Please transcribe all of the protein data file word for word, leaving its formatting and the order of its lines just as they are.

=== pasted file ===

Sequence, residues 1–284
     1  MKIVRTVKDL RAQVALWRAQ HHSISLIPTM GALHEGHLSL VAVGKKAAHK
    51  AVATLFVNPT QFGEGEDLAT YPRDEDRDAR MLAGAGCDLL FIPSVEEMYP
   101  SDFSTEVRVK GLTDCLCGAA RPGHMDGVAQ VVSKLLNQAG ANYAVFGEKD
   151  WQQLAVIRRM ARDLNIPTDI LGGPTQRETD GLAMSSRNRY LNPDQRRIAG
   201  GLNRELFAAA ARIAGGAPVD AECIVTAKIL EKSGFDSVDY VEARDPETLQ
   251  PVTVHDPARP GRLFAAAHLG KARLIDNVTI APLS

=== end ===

Sequence, residues 1–284
     1  MKIVRTVKDL RAQVALWRAQ HHSISLIPTM GALHEGHLSL VAVGKKAAHK
    51  AVATLFVNPT QFGEGEDLAT YPRDEDRDAR MLAGAGCDLL FIPSVEEMYP
   101  SDFSTEVRVK GLTDCLCGAA RPGHMDGVAQ VVSKLLNQAG ANYAVFGEKD
   151  WQQLAVIRRM ARDLNIPTDI LGGPTQRETD GLAMSSRNRY LNPDQRRIAG
   201  GLNRELFAAA ARIAGGAPVD AECIVTAKIL EKSGFDSVDY VEARDPETLQ
   251  PVTVHDPARP GRLFAAAHLG KARLIDNVTI APLS